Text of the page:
Bush administration handicapped until appointees confirmed

US President George W. Bush's supply-oriented energy policy is winning cheers from the oil and gas industry, but other energy proposals are temporarily stalled until he assembles his new administration.

May 23rd, 2001


Sam Fletcher
OGJ Online

HOUSTON, May 23 -- US President George W. Bush's supply-oriented energy policy is winning cheers from the oil and gas industry, but other energy proposals are temporarily stalled until he assembles his new administration.

An environmental impact study (EIS) on the proposed use of floating production, storage, and offloading systems (FPSOs) in the Gulf of Mexico "is sitting on my desk" awaiting someone with the authority to handle such issues, said Tom Fulton, special assistant to US Interior Sec. Gail Norton, at offshore conference Wednesday in Houston.

The US Minerals Management Service, part of the Interior Department, issued that EIS in early February. It stated at that time that a generic FPSO and its operations would pose no additional threat to the Gulf Coast environment.

However, only 10 of the 145 policy planning positions within the Interior Department have yet been filled by the new administration, said Fulton at the meeting sponsored by the Houston chapter of the Independent Petroleum Association of America.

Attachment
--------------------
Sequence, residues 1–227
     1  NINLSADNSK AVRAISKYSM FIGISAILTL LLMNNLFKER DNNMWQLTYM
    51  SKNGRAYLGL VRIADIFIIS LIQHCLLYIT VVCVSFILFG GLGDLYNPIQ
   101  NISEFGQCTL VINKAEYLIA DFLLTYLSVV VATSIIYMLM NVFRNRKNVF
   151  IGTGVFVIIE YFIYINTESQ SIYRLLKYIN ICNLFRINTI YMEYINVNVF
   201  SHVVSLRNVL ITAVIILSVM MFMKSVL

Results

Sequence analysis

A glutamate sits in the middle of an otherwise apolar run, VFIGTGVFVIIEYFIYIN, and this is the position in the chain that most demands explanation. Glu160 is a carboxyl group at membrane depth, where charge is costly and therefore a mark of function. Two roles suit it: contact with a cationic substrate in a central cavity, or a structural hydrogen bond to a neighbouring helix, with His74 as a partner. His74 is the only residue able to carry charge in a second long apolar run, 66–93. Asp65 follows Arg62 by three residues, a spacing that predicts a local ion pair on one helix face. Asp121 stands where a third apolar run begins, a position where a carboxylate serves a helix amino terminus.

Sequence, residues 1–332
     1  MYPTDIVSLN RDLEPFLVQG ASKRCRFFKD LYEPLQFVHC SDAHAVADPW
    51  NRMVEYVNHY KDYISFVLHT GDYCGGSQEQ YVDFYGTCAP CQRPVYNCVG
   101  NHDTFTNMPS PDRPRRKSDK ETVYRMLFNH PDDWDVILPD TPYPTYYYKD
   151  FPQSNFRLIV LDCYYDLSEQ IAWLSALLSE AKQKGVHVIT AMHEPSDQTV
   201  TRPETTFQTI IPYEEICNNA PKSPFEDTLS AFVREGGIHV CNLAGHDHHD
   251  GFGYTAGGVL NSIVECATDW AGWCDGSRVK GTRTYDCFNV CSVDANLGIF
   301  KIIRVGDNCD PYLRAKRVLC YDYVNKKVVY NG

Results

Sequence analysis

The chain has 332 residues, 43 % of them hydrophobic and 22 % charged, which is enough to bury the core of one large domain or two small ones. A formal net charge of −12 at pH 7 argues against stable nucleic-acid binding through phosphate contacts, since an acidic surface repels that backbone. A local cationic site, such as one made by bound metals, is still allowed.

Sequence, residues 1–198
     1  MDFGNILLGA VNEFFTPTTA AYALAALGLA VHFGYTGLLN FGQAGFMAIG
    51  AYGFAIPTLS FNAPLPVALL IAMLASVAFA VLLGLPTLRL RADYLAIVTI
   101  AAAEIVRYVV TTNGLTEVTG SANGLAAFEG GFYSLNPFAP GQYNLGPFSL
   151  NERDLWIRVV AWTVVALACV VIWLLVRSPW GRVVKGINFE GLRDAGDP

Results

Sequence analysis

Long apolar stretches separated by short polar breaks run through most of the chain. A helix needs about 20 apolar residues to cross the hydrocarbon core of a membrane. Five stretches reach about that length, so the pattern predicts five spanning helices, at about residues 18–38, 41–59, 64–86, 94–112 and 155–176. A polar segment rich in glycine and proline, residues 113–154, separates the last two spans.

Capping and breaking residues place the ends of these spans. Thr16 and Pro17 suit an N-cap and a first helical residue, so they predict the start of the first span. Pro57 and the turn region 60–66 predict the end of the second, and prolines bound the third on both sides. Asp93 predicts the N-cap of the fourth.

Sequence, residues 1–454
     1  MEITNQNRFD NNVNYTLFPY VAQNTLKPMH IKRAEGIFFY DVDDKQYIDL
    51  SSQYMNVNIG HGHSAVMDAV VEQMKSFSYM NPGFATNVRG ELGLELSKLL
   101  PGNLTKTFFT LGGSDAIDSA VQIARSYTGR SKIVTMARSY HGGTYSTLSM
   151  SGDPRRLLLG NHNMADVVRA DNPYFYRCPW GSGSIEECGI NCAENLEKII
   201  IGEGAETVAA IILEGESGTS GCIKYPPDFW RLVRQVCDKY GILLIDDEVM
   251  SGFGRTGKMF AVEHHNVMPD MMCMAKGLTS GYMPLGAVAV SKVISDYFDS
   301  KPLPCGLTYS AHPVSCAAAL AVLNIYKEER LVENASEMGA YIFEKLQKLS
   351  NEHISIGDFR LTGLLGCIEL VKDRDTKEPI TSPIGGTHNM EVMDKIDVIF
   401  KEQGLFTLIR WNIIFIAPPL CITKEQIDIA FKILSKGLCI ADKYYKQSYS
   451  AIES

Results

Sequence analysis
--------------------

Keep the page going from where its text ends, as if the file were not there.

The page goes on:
Four of the six authorized assistant secretaries have been named but have not yet appeared before the US Senate for confirmation. Sec. Norton is the only executive decision-maker within the department who has been confirmed by the Senate, Fulton said.

As to when more executives might be confirmed and decisions may be made on FPSOs, the proposed December sale of federal offshore leases in the eastern gulf, and other issues, he said, "I have no clue. Probably sooner rather than later, depending on whether the Republicans or the Democrats control the Senate tomorrow."

As Fulton was meeting with oil and gas industry members in Houston, Sen. James Jeffords (R-Vt.), a moderate Republican, postponed until Thursday a press conference at which he was expected to announce he is leaving that party to become an independent. Jeffords is expected to align with Democrats for organizational purposes, which could tip the balance of power within the US Senate.

Despite these and other concerns, most independent producers still seem confident in their ability to find and develop new oil and gas resources in US waters.

"What a great time to be in the energy business," said Charles D. Davidson, the new chairman, president, and CEO of Noble Affiliates Inc. "It's great because there finally is (public and political) recognition that energy is vital to this nation and that our industry has an important role to play. Hopefully, there will also be a recognition of our ability to deliver."

At Wednesday's meeting, Davidson succeeded Bob Boswell, president and CEO of Forest Oil Corp., Houston, as chairman of the IPAA offshore committee.

Contact Sam Fletcher at samf@ogjonline.com

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